There has been a lot of discussion about the cost of new hepatitis C treatments to state Medicaid programs. What has not been addressed, however, is how those costs stack up against older, less effective treatments or the cost when Medicaid recipients with hepatitis C go untreated.
A series of new state-specific fact sheets from RxEconomics, LLC, in collaboration with PhRMA, detail the utilization of health services and the costs of treating Medicaid recipients with hepatitis C prior to the availability of new medicines to treat the disease. The analysis, which uses administrative claims data from 2010 provided by the Centers for Medicare and Medicaid Services, highlights the economic burden of treating Medicaid recipients with hepatitis C and the opportunity for newer and more effective medicines to lower health care costs with greater efficacy.
Prior to the availability of new hepatitis C medicines, the annual health care costs for Medicaid enrollees with the disease were, on average, substantially greater than enrollees without the disease (see Table 1).
However, while patients who were treated with older medications, which offer cure rates of just 50 percent, incurred substantial prescription drug costs, untreated hepatitis C patients were still averaging significantly more in non-drug healthcare costs, especially as it related to inpatient hospitalizations (see Table 2).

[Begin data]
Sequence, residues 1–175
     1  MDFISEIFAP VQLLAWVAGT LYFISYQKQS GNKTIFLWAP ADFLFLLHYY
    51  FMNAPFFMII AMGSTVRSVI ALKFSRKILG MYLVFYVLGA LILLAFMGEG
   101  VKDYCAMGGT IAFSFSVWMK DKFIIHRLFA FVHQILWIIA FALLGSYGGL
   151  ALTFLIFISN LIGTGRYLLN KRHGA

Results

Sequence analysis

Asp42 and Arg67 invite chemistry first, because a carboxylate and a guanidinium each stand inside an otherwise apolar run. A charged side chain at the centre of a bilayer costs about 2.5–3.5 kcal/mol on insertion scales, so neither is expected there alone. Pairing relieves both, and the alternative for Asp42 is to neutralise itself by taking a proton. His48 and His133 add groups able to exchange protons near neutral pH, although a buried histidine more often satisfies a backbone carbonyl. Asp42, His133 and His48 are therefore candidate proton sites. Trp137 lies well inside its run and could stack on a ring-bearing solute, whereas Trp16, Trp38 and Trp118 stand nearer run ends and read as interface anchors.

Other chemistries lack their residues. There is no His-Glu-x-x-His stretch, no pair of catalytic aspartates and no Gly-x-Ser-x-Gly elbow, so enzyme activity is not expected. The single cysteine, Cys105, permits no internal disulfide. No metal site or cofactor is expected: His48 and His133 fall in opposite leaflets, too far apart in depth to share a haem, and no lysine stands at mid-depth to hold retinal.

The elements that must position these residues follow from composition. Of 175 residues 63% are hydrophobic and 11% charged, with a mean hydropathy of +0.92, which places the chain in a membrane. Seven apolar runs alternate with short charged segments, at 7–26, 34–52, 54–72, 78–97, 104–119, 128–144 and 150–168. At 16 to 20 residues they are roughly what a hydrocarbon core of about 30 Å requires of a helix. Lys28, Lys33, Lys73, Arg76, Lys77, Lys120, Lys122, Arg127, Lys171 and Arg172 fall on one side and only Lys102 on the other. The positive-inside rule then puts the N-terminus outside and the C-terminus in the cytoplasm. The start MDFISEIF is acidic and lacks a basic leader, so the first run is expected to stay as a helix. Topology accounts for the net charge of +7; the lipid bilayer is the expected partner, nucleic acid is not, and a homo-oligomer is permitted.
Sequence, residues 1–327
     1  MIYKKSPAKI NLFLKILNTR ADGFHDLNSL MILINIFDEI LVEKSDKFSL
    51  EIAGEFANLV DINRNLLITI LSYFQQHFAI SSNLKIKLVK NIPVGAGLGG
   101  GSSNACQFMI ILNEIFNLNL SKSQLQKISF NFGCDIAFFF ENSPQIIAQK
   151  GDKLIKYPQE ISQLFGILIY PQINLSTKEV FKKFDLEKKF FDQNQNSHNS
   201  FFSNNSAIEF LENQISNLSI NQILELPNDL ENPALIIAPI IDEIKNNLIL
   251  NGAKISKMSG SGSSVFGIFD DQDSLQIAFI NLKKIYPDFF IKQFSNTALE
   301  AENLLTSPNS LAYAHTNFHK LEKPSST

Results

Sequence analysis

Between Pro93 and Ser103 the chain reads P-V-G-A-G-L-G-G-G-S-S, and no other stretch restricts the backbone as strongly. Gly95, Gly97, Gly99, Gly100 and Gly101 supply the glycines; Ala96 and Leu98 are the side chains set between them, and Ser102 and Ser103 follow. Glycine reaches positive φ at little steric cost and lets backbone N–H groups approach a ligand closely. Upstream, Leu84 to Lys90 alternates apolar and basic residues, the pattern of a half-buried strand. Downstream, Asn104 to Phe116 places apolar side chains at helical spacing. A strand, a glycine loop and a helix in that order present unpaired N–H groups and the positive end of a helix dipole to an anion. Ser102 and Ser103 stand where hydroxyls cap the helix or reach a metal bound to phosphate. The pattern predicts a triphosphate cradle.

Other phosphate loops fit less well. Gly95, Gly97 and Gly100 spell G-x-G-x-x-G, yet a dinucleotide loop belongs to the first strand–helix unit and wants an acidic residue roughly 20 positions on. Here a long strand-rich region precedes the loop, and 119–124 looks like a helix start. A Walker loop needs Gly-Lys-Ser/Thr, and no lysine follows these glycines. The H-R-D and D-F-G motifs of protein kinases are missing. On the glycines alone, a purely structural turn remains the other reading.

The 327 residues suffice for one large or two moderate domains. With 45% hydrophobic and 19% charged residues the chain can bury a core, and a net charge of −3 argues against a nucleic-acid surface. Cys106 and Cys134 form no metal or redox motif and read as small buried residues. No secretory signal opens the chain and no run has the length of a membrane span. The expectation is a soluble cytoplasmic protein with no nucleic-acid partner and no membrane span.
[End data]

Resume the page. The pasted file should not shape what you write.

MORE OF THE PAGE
Compared to older treatments, this descriptive analysis provides early evidence to suggest that the new generation of hepatitis C medicines, which have cure rates of more than 90 percent, benefit patients and could potentially reduce the use and costs of some Medicaid services. Indeed, any assessment of the value of new hepatitis C treatments should take into account these medical cost offsets, as well as savings generating in replacing older, less effective medicines.
The fact sheets further underscore the importance of acknowledging the value that innovative treatments provide in managing long-term health care spending. As more patients receive access to these new medicines, experts have predicted that hepatitis C will become a rare disease within the next 20 years. On the other hand, in the absence of a cure for hepatitis C, more than 350,000 patients would be living with advanced stages of the disease by 2025 and Medicaid would incur additional spending of $21.5 billion.
Advances such as these exemplify the integral role that medicines play in not only helping patients live healthier, more productive lives, but also preventing economic burdens and relieving stress on the health care system. In the absence of effective treatments, we would be living in a far different world than we do today.